On Governments

In the United Kingdom we are governed by governments chose by those we elect to Parliament. Today the old Parliament has run its course and the people will soon be electing a new Parliament. The old Parliament deserved to be extinguished; the people deserve better than what it offered. Members of the Government’s Opposition clung to their seats not to introduce or scrutinize legislation but to embarrass and humiliate the government as much as possible which largely left the government reasonably helpless and the people without a government that could govern.

It was said nearly two hundred years ago “that government is best which governs least” which a few years later Henri Thoreau turned into “that government is best which governs not at all”. But the world has changed in two hundred years. Life is extremely complex now and the people of each nation need competent governments and deserve governments, ideally good governments governing according to the wishes of the majority of the electorate that chose their representatives in Parliament.

The experience of the past few years shows that our representative democracy when mixed with plebiscite democracy leads to chaos. Many of the members of the old Parliament representatives did not feel bound by the referendum and thought it perfectly democratic to subvert the results of the referendum because they believed that representative democracy is more democratic than referendum democracy. If they did not believe that, they must have believed that they knew better that their electorate.

For all that, those purporting to believe in representative democracy are (ironically) anxious to limit their own democratic powers (and the wishes of the electorate) by subverting their own powers to the powers of foreign institutions. One Parliament, in constitutional theory, cannot bind a successor Parliament. The way around this rather inconvenient rule of the constitution is if one elected government can enter into a foreign treaty then the provisions of the treaty can bind every future Parliament for long periods of time, because treaties are so much harder to overturn than legislation.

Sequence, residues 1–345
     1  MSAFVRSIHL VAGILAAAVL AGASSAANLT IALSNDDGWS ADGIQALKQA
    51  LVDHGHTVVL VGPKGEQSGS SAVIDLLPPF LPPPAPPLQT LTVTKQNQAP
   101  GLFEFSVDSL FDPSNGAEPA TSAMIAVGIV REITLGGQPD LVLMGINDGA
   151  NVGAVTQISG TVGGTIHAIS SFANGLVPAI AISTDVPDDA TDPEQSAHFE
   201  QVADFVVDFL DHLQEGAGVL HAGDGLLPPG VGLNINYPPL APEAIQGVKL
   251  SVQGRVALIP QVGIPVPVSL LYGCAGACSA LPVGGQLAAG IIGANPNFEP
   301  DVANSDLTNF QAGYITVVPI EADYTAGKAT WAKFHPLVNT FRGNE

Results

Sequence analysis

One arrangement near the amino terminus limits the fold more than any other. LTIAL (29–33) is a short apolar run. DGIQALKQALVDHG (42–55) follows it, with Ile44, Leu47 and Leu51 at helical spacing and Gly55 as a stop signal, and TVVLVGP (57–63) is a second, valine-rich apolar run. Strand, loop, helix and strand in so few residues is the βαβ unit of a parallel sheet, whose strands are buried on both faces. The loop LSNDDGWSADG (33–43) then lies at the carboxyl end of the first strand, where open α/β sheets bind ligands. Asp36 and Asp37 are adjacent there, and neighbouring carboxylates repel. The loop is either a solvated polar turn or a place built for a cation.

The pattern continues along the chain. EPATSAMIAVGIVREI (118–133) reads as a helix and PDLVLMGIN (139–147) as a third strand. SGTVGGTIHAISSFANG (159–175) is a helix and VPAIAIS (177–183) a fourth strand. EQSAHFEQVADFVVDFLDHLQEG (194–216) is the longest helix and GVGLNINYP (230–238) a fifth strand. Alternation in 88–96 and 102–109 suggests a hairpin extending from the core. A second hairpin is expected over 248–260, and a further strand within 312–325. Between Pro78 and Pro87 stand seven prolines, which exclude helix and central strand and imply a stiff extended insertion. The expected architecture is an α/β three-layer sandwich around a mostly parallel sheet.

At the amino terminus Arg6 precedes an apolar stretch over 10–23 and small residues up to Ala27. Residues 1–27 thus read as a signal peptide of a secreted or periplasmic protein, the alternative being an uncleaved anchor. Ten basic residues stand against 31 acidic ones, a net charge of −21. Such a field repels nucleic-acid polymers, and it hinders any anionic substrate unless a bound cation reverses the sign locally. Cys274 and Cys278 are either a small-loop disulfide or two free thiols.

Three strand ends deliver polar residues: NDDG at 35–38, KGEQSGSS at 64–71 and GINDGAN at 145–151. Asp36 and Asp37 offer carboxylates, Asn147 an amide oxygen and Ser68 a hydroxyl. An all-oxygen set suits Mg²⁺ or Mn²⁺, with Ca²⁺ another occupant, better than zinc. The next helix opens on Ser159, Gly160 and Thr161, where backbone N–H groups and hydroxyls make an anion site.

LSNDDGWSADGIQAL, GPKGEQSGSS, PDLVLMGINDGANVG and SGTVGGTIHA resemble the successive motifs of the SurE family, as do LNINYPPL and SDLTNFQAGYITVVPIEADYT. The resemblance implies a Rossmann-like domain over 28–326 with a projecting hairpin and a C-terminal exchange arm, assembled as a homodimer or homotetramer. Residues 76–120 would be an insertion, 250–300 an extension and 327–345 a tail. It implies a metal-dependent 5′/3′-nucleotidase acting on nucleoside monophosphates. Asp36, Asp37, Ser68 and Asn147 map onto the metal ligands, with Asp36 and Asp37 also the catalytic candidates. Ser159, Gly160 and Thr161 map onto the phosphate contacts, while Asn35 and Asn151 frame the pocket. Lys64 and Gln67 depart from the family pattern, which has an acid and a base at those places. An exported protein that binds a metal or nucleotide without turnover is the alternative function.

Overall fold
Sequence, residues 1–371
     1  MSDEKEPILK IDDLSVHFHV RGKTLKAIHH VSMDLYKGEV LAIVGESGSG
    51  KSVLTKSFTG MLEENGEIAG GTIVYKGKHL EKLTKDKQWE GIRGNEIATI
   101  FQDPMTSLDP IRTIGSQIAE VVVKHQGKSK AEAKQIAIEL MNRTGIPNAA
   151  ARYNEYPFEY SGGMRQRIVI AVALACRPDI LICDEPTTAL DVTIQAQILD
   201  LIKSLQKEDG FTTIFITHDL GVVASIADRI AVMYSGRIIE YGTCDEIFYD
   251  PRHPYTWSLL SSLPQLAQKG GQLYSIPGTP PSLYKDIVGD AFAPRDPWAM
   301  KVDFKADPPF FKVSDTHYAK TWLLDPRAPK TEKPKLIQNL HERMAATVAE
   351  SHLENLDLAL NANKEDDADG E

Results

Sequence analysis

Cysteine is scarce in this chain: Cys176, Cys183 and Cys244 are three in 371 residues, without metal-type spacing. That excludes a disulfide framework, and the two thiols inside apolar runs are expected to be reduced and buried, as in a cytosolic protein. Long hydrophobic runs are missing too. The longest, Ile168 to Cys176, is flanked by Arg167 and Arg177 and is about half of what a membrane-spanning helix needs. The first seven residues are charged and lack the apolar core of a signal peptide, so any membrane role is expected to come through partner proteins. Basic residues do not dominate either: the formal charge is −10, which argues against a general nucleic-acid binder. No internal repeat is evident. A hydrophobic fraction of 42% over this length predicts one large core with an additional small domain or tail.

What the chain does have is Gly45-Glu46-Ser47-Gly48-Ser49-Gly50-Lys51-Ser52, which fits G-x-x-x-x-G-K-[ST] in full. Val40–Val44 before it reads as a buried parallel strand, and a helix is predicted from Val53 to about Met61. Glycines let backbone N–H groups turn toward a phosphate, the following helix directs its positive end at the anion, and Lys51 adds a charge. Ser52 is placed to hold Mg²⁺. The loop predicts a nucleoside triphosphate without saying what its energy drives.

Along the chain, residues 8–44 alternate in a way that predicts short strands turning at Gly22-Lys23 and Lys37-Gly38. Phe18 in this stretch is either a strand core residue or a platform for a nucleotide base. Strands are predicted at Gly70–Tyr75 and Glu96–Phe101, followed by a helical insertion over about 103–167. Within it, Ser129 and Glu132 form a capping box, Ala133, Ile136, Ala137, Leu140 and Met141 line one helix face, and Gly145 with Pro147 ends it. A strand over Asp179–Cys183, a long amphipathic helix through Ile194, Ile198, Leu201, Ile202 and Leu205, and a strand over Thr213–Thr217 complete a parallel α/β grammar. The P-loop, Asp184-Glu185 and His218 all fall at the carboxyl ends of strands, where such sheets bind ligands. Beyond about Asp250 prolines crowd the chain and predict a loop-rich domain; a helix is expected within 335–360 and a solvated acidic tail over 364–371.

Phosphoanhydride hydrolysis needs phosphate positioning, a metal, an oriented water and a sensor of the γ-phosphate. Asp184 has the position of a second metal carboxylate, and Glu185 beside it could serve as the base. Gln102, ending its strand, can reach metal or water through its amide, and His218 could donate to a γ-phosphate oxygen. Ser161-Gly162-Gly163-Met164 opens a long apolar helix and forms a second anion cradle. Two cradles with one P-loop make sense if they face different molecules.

For this reason, certain politicians seek to tie the hands of future governments in fields like employment (called workers’ rights) environmental policy and economic policy and immigration policy. Thus some politicians have sought to prevent future Parliaments elected by the people for putting into effect what the electorate may democratically vote for in future.

Effectively the electorate are told that they are not competent to elect a government with the powers that governments have enjoyed in the United Kingdom for hundreds of years. In fact governments that we may elect are also not competent; the only competent authority to govern us lies outside these islands.

I find this behaviour by certain members of the old Parliament as both immoral and disgusting.

The Making of Laws

Once things were simpler; we had (in common law jurisdictions) laws created by custom (no more than what most people usually did), which turned into precedent, mostly solemnly followed by judges and laws made by the dictate of monarchs. Then, with the coming of Parliamentary democracy Parliaments made laws which they called statutes. Things became more complex.

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A Tale of Taxes – Laughing all the Way to the Tax Haven

Jimmy Carr is a successful comedian. He makes people laugh. His success enables him to earn a great deal of money, and people who earn a great deal of money are supposed to pay tax on what they earn as are people that earn modest amounts of money. In order to postpone or reduce the tax he paid Mr Carr entered into a tax scheme or device, under which he transferred his right to receive his salary to an offshore entity. However, Mr Carr still wanted to receive his salary and so as part of the deal, it seems, he borrowed money back from the entity. There would be no tax to pay on the loan, so he was in effect avoiding tax on a large income while still being able to spend it. Continue reading